Second waves of the COVID 19 pandemic have been encountered by many countries around the world. The number of cases and the death toll are unexpectedly staggering, especially in developing countries like India. The first wave of the pandemic in 2020 had resulted in huge damages to livelihood, but the actual intensity of the disease and how bad it could get only became evident during the second wave. Various techniques like lockdowns and restrictions have been used to fight the pandemic, but all of these had consequences, mostly economic. Each nation had different carrying capacity for such measures and the poorer ones could not sustain them for too long. Hence, the only effective method to fight this pandemic seemed to be immunization and vaccination to all.
This has led to a vaccine shortage across the world. Therefore, talks began in international forums to waive the Patent rights of the manufacturers. This discussion dates back to October 2nd, 2020 when India and South Africa suggested that the World Trade Organisation (WTO) approve exemptions of IPR for various items used in battling the pandemic such as vaccines, ventilators, drugs etc. This discussion gained steam in May 2021 after the U.S. government came in support of wavier of patent rights of the vaccine manufacturers. Some countries supporting this decision are Russia, New Zealand and France. Others, like Germany, have spoken out against the move.
It is indeed commendable of the USA to support such wavier, but practical aspects of this decision must also be taken into account. The biggest problem after the wavier (in case one is finally passed) will be of technology transfer. This means though other companies may step-in for production of vaccines, they will have no access to the equipment, laboratories, technical knowledge, high level quality control and infrastructure needed for efficient production. The reverse engineering methodology used in case of making of generic medicines is also insufficient in case of vaccines, especially for the ones made using the new mRNA technology.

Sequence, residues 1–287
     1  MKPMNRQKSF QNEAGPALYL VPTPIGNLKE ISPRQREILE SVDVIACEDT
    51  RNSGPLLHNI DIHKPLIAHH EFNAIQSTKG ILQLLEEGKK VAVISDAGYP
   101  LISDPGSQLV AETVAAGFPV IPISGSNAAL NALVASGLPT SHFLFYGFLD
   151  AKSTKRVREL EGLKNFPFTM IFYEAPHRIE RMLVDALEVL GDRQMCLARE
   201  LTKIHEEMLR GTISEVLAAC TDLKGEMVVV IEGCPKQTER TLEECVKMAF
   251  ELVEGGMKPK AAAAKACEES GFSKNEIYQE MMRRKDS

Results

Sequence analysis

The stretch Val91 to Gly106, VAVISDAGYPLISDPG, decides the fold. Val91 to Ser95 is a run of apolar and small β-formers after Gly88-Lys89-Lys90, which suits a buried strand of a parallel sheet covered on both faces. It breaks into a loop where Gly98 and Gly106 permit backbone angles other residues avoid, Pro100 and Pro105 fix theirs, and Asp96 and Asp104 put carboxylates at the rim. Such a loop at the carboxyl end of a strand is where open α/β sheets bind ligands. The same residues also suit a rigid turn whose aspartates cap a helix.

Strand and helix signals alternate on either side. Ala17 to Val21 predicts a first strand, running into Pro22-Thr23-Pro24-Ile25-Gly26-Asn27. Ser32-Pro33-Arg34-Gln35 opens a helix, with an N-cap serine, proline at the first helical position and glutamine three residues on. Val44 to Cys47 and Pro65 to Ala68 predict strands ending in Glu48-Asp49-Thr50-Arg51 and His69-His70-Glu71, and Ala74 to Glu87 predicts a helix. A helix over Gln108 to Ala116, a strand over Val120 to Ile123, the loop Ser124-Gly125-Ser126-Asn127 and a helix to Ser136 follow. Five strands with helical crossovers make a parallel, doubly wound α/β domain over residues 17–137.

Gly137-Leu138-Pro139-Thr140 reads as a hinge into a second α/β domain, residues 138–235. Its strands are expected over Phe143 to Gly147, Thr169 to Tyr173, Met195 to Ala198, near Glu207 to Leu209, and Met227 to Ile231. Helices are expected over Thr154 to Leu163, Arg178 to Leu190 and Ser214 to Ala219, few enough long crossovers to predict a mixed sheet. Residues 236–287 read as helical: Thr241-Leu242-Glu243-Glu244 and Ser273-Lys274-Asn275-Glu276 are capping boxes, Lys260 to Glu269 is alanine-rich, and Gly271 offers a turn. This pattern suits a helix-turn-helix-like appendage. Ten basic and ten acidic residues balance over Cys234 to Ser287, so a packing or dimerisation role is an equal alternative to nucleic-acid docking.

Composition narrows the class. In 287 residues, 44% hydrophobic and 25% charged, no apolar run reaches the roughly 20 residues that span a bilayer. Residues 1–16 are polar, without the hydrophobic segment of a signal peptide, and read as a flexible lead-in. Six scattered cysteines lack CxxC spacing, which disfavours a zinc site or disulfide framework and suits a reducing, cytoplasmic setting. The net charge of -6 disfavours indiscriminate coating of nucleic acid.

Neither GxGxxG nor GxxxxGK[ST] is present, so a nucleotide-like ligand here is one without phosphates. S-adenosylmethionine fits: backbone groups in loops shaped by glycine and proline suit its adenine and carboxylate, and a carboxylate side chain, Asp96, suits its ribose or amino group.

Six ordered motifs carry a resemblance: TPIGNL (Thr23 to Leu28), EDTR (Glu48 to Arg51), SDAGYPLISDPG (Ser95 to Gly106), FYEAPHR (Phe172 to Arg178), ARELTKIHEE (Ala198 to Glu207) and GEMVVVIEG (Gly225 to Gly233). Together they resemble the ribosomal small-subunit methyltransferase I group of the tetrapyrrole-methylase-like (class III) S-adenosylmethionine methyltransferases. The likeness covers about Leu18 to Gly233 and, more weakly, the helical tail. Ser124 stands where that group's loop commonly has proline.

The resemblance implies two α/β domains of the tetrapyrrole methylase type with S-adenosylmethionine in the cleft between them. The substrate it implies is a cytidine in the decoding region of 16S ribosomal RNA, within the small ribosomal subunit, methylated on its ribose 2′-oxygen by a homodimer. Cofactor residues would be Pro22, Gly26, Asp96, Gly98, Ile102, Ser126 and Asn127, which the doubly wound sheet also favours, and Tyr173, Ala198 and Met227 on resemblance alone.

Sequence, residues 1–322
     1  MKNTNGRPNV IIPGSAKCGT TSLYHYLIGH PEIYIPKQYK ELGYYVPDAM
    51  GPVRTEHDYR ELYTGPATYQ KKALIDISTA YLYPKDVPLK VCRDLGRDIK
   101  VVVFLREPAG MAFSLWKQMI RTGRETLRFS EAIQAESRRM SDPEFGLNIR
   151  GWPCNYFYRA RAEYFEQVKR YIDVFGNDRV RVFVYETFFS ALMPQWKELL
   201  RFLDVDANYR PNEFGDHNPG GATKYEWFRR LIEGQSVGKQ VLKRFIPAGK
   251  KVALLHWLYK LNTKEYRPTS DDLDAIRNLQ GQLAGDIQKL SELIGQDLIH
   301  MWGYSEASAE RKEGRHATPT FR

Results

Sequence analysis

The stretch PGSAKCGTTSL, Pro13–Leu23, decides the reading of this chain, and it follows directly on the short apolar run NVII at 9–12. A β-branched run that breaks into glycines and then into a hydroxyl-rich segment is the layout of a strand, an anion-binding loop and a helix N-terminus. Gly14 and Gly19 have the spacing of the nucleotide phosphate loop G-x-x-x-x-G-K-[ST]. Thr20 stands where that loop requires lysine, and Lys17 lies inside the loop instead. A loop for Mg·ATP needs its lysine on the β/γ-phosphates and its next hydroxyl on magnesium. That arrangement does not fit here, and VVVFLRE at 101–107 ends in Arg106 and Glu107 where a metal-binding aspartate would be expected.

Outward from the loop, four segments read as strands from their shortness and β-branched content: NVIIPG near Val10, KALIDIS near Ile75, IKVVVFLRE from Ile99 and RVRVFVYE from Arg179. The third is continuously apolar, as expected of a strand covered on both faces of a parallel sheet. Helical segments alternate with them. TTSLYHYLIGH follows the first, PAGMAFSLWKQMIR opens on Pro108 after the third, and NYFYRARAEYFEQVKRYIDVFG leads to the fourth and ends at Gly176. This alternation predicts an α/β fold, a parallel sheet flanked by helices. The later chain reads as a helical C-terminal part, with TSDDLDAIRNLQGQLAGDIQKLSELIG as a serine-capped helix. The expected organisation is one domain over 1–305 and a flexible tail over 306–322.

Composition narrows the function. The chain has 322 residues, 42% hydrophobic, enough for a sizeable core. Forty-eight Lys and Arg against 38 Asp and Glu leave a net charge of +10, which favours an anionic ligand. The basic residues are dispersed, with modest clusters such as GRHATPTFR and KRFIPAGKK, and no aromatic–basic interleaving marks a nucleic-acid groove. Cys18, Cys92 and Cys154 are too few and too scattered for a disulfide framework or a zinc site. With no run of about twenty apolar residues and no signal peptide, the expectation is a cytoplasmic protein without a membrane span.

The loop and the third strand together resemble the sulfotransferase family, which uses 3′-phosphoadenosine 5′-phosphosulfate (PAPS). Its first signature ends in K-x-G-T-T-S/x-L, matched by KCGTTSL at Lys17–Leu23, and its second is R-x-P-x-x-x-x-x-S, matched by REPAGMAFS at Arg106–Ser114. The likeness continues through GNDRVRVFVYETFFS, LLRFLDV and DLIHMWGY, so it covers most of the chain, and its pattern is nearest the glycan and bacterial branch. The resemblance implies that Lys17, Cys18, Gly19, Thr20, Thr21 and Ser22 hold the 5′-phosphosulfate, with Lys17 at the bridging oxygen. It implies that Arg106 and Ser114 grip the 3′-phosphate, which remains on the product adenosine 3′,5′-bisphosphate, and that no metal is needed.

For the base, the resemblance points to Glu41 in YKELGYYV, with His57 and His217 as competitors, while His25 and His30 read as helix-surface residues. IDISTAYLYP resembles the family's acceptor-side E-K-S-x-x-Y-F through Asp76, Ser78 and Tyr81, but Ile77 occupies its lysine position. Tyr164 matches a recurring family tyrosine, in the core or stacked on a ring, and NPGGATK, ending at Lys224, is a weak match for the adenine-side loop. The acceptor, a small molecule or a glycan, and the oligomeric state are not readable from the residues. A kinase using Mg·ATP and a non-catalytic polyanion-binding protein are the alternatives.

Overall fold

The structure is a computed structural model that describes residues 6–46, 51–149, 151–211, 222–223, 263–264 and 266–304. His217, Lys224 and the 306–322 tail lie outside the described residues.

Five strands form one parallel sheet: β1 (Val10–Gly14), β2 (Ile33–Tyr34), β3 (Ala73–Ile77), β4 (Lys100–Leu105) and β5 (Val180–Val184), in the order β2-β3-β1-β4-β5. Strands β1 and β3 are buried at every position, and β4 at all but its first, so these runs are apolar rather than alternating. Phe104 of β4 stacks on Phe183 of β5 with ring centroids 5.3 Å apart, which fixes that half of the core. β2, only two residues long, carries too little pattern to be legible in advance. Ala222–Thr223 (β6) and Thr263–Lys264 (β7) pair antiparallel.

The availability of raw material is another issue as significant portion of the available raw material is already being used for vaccine production. Such a wavier would in turn disrupt the supply chain of the raw material and its optimal utilization. In addition, rounds of clinical testing of the newly produced vaccines will take time and effort and according to experts, it will take at least a year for new waves of vaccines to enter the market. This means that a wavier alone would not provide immediate relief.
That is not to say that a waiver would have no effects at all on the situation, only that in the present form such effects may take longer to see fruit than we’d like in a global pandemic. For efficient and effective vaccine manufacturing and distribution, innovative information and the technical know-how should also be made publicly available along with the Patent. Existing methods that can play a key role in accomplishing the motive of this wavier are compulsory licensing or voluntary licensing. I.e., either the Patent holders provide license their product to other companies by themselves for vaccine production or are compelled by the respective governments under any law to do so. In any case the technology transfer has to take place in the crucial time of pandemic to give a boost to the production of vaccine along with the patent wavier.
Looking at the situation, the temporary waiving of patent rights is the first barrier to cross. Without this impetus, the lack of patent rights will stop what could be a number of crucial soldier-companies in the fight against Covid-19. We must remember, however, that there are many more barriers to cross. In addition to the problems mentioned above, geographical constraints, supply chain constraints, trade barriers etc. are all problems aspiring vaccine makers will have to tackle. To effectively combat the pandemic crisis, all these issues should be holistically solved so that we can reach a conclusion agreed upon by everyone.
Author: Imran Rizvi, Legal Intern at PA Legal.
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